My interest in big game hunting was fuelled in the early days by reading the exploits of the legendary hunters such as Selous, Bell, Hunter, Gordon-Cumming and Patterson. Most of these 19th century hunters wrote several books which are available today as originals or reprints. On a par with these men, but whose activities were carried out in the mid 20th century was Ian Nyschens, a Southern Rhodesian, who hunted ivory commercially in Southern Rhodesia, Northern Rhodesia and Mozambique. He mainly hunted elephants between 1947 and 1958, though he was active for forty years, finally retiring to Harare to breed race horses and polo ponies.
He wrote one book, Months of the Sun and, as an account of elephant hunting (both legal and illegal), man-eating lion control and interaction with tribes and trackers, it is the equal of the best of Selous and Bell’s writings.
He started with no money and few prospects, as was the case with the others, but after a short spell of gold prospecting headed for the wilds of the Zambezi Valley. The river formed his main method of travel, often paddling upstream in a dugout canoe for day after day and passing border posts at night so that the authorities of the country he was entering would not know of his arrival.
One of his early exploits involved going up the Zambezi to the Maputo Gorge in Northern Rhodesia (now Zambia) with one black assistant who he had not known for long. Hiding the dugout in reeds at the river’s edge, he and the tracker struck inland and found a large gathering of bull elephant just as a major storm brewed overhead. During the stalk the tracker took fright and disappeared (not to be seen again, though stealing stores from the dugout on his way) but Nyschens pressed on and in torrential rain and lightning, shot twenty seven bull elephants.
Alone, he could not hope to handle the ivory so he left the dead elephant and started back to the Zambezi to get assistance, but, on the way, he encountered a black rhino which charged him and almost broke his leg.
The deserter had stolen all of Ian’s spare ammunition and food from the dugout, and as Ian could hardly walk, he struggled to refloat the dugout. Weeks later and almost starving, he met natives who fed him and he returned to Salisbury. A year later, with a friend and with outboard motors on their dugouts, he returned and found the carcasses, now scattered bones, where he had left them. They carried 52 tusks back to the river, eventually selling them in various different places so that they would not attract attention.
Ian was a wild young man at that stage, but extremely fit and able to exist on the sort of food that the local people had available. He travelled light with only the basic essentials, paramount of which were his rifle, plenty of ammunition and his snake bite kit. He shot his meat and bartered meat for vegetables and fish with the tribes he met along the way. He would make hidden caches of ivory as he moved through the country so that he didn’t waste time returning to civilised areas to market it.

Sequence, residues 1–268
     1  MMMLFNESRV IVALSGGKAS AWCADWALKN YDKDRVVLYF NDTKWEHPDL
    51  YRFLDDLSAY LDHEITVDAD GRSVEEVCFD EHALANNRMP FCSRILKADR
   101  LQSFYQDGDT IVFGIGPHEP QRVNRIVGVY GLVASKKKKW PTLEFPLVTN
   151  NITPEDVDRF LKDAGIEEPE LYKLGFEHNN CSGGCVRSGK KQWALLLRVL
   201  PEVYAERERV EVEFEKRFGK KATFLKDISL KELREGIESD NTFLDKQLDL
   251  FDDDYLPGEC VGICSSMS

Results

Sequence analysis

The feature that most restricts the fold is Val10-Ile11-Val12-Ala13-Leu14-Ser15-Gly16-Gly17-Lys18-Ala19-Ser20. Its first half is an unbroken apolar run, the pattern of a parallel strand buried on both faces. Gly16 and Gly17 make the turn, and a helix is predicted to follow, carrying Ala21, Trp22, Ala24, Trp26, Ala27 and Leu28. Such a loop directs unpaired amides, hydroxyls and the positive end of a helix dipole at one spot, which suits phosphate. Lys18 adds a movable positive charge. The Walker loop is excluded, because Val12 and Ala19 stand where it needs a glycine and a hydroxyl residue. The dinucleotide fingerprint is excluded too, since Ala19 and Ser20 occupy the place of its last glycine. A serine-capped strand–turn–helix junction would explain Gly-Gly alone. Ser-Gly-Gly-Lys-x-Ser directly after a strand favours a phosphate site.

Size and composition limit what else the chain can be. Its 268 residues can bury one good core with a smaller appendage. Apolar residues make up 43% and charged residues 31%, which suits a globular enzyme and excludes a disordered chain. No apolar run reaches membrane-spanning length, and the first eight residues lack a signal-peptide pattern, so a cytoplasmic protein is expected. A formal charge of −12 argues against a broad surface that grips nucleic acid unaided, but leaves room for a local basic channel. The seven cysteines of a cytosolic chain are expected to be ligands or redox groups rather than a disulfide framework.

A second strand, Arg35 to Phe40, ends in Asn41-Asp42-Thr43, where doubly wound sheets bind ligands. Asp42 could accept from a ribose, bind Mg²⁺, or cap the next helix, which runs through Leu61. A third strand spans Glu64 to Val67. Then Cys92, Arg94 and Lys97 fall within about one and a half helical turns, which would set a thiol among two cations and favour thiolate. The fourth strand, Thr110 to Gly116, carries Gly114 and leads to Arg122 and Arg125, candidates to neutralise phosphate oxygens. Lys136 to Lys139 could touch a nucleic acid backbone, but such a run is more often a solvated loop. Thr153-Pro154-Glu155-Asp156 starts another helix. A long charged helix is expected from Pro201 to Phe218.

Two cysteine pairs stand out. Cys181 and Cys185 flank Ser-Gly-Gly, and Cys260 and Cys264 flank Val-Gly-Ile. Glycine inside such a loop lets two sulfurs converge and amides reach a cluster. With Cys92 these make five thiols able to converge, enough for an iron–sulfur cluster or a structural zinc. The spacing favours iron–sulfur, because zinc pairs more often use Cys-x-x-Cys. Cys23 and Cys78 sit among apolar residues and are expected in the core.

Mostly, the local people liked having him in their area as he provided them with huge quantities of meat, though in one area he was not welcome as it was controlled by a female witch doctor who had convinced her people that she turned into a hyena at night. The hyena woman sent men to assassinate Ian and his tracker on more than one occasion and they were lucky to survive unscathed. Ian decided to take the battle to the enemy, ‘staking out’ her village as the light faded one night. The witch doctor left her hut and put a hyena skin over her back and started howling at the moon, upon which Ian stalked her and, handing his rifle to the tracker and taking his spear, speared her to death, thus terminating the problem.
Mozambique at the time had a very big problem with prides of man-eating lion terrorising the villagers in certain areas and accounting for many deaths. Partly through curiosity and partly because he heard that the Portuguese authorities were willing to give concessions to hunt elephant to people who were prepared to help with the lion problem, Ian spent some months operating in their area. He met a hunter of British origin who the locals called Kamasaro (and to whom Ian does not ascribe an English name) and they spent time together reducing numbers of the man-eaters. While writing about this, Ian meditates on the lives that the local tribes lived, his own thoughts on what he was doing, and the meaning of life. An interesting interlude which demonstrates that though tough and wild, he was intellectually capable.
Through a friend in Harare, I was lucky enough to meet Ian in the late 1990s. I had been warned that he was pretty reclusive and might not be in the mood to talk. He was wearing a faded Ralph Lauren polo shirt, jodhpurs and brown leather riding boots as his hobby after retiring from hunting was raising horses on his small farm in the Harare suburbs. As it turned out, we had a good talk and one of my questions was how he had remembered all the incidents, names and places that he recounts so well in the book. ‘A good memory’, he replied.
There was the possibility of going on a canoe trip on the Zambezi with him and my friend, which unfortunately I never followed up. Having re-read Months of the Sun in order to write this review, I wish I had.